Our Generation for Inclusive Peace

An intersectional feminist youth organization working to diversify peace and security spaces.

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Our Vision

OGIP envisions a future where the voices and perspectives of young people, particularly young women, are centered in peace and security spaces. In this future, policy and practice are grounded in feminist approaches with the equitable reformation of power and gender dynamics as essential requirements to inclusive and sustainable peace.

Our Mission

OGIP strives to make current structures, policy, and practice in peace and security spaces more inclusive, intersectional, and decolonized through our three pillar approach. Engaging with Women, Peace, and Security (WPS) and the Youth, Peace, and Security (YPS) agendas, OGIP amplifies the experiences and perspectives of young and diverse people to challenge exclusive spaces and push these agendas further. OGIP believes in interdisciplinary, feminist research, outreach and advocacy as essential tools for advancing inclusive peace and security. By integrating young voices into peace and security conversations, we develop responsive and relevant agendas that reflect the concerns of younger generations.

The Three


OGIP is supported by 3 pillars of work:


Harnessing research to diversify and advance conversations on peace and security with contributions from young people in differing formats, including OGIP's research series and blog.


Growing our Youth Advocates Network, amplifying diverse voices in peace and security, and generating policy recommendations to challenge exclusionary structures and promote meaningful participation.

Outreach & Partnerships

Engaging with diverse organizations and individuals working in the field of peace and security through a youth-driven and feminist perspective.

our generation for inclusive peace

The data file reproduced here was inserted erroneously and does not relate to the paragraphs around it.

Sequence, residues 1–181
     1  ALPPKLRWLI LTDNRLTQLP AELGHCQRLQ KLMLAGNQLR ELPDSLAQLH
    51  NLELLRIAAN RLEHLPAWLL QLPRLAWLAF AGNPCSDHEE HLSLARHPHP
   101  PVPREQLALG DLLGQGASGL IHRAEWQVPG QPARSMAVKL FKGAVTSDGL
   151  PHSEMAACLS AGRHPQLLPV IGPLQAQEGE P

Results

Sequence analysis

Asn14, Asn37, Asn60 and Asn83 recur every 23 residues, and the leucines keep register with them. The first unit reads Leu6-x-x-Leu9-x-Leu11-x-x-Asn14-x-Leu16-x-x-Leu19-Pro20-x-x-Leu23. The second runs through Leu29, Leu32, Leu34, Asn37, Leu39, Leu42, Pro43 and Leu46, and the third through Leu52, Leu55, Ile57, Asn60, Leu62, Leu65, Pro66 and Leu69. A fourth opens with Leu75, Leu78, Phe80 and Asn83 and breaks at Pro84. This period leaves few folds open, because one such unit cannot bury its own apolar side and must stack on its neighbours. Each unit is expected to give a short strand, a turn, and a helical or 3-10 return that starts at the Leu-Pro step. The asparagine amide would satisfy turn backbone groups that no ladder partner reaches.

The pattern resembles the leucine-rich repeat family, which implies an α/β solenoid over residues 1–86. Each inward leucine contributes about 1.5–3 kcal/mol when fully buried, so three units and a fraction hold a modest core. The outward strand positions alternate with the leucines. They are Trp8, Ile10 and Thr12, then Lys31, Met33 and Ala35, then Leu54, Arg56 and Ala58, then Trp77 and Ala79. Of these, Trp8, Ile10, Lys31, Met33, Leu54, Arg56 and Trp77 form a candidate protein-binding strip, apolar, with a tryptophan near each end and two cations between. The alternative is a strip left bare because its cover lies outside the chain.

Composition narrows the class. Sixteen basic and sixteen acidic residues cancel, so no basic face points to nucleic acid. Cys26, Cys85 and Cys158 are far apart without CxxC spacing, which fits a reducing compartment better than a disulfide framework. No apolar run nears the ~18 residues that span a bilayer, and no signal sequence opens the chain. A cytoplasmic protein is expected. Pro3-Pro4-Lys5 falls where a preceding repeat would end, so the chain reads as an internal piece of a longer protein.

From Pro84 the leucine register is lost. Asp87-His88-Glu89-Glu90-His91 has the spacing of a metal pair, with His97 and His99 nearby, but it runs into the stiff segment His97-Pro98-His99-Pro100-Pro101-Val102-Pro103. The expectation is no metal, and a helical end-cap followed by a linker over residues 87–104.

Youth is formally defined and understood as a transitional period from childhood to adulthood, often characterized as a period where an individual’s levels of independence, both personal and financial, are growing, though this definition fluctuates between different organizations and scholars. In the United Nations Security Council Resolution 2250 (2015) on Youth, Peace and Security, youth is defined as 18-29 years old with the recognition that there are differing definitions at the national and international level.

OGIP defines youth as up to the age of 35 with acknowledgment of the flexibility of the concept. OGIP accepts the inclusion of youth being in a “transition period” as youth is a time of great change and development, though OGIP asserts that this transitionary state equates to youth being unable to fully participate in policies which impact their future. Youth have a wide variety of valid experience and legitimate engagements and should be continually able to contribute and have their perspectives respected. Committing to meaningful engagement with young people demonstrates the value of diverse and unique perspectives; in the context of peace and security, this is about supporting inclusive, generational change and what this change means for the WPS and YPS agendas.